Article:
While the final numbers were good and the SPY left an unfilled upside gap, some traders may have been disappointed yesterday that the SPY finished in the lower part of its daily range. Historically, unfilled gaps and 20-day intraday highs as was put in on Tuesday have been followed by much more positive action when the rally closed meekly. Tuesday's action actually appears bullish. This is something I examined just last week in the 1/4/12 Subscriber Letter. Below is an excerpt from that letter.

I ran a test of performance following unfilled upside gaps that make a 20-day high. Below I’ve broken out the results by times the SPY closed above the open versus times where it closed below the open.

First let’s look at those times where the finish was relatively strong:

There doesn’t appear to be any edge in either direction here. Now let’s examine times like the present where SPY closed below the open.

These results are substantially better than earlier where the finish was good. Rather than worrying about the weak finish bulls should be excited by it.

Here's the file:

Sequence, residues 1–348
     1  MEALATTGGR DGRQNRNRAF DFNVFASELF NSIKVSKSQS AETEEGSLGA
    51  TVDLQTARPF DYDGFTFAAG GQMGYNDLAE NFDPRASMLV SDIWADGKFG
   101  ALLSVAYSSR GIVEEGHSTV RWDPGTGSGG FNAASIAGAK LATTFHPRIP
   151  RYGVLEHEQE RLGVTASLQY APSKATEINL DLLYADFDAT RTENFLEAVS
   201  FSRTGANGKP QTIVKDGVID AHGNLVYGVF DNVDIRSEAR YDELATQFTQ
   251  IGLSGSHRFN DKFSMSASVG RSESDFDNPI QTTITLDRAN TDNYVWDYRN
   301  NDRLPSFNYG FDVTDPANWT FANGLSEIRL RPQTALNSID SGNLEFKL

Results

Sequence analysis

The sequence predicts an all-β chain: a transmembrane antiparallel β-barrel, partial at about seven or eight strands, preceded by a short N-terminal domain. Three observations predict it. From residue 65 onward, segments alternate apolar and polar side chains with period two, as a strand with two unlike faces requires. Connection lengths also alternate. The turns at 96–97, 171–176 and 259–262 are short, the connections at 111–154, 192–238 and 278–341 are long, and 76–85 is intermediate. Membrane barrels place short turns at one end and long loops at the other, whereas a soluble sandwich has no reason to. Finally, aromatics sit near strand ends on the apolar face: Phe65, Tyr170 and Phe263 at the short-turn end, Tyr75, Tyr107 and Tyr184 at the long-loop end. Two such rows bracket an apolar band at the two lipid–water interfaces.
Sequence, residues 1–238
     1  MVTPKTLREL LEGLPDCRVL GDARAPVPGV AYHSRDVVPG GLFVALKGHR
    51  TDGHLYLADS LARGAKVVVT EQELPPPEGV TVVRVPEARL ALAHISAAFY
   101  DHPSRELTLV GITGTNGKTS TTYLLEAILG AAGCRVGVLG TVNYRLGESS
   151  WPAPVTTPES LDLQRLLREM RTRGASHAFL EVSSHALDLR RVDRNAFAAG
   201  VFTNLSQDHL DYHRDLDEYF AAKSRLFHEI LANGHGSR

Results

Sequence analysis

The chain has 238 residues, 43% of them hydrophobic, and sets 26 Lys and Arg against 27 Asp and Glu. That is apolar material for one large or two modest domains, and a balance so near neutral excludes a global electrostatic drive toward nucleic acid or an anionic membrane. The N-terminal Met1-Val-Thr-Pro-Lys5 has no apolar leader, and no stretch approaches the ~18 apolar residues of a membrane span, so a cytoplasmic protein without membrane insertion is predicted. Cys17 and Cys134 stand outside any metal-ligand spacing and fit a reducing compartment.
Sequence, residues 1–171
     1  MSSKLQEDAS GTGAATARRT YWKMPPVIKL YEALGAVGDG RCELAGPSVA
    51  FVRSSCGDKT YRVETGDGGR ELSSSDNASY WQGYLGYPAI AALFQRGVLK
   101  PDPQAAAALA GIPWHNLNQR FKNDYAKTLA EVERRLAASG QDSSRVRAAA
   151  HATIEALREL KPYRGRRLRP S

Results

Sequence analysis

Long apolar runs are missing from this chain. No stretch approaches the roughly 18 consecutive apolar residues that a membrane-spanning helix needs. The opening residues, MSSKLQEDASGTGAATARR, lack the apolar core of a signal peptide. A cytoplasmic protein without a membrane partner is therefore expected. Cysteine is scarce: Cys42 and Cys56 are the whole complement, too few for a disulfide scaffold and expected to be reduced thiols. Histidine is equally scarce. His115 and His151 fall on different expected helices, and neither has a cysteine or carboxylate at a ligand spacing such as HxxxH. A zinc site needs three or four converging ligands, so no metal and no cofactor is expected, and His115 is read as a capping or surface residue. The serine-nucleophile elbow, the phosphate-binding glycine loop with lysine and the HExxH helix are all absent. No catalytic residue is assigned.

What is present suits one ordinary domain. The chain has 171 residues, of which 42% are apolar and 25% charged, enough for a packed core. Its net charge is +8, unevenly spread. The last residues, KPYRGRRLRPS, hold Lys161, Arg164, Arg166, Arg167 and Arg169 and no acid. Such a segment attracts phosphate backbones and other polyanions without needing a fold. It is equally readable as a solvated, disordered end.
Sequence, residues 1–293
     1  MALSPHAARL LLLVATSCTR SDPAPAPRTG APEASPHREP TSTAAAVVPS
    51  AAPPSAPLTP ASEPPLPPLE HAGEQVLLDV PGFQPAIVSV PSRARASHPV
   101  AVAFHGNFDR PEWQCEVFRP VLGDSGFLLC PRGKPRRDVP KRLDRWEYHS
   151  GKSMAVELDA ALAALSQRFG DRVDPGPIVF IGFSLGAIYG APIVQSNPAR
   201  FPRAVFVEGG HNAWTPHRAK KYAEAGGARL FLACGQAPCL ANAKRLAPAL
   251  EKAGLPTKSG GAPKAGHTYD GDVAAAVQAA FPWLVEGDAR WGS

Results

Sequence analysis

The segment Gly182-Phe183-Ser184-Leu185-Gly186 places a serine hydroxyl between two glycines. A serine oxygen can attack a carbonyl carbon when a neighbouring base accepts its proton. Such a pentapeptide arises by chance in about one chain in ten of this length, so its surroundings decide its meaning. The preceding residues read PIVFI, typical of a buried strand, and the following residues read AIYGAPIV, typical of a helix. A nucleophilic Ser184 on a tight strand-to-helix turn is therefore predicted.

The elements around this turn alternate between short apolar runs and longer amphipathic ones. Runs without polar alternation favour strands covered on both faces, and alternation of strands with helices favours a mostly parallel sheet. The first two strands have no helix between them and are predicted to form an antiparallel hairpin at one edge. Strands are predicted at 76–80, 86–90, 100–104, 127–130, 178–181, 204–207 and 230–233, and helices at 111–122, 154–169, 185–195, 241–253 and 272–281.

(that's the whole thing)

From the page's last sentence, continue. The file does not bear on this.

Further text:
Monday, January 9, 2012

When SPX is Above the 200ma and Closes Down on an Employment Day

One study that triggered on Friday examined performance the day after an Employment Day (typically the 1st Friday of each month) when the SPX was above its 200-day moving average and the Employment Day closed down.

The stats here are strong and all point to a decent upside edge.

Friday, January 6, 2012

2011 (and prior) Trade Idea Results from the QE Subscriber Letter

I don't often discuss trade idea results from the subscriber letter here on the blog. The last time I did was in June. But 2011 was another solid year and I thought it would be worth mentioning in the hope that Quantifiable Edges could help traders improve their results in 2012. I don’t post results regularly because while I've always tracked trade ideas in the subscriber letter, it isn't the main focus of the service. I don't consider Quantifiable Edges to be a stock picking service. I consider it one where traders can gain market and trading knowledge through the published research, systems, and tools. The objective is to provide tools and instruction to help traders improve their own trading and results.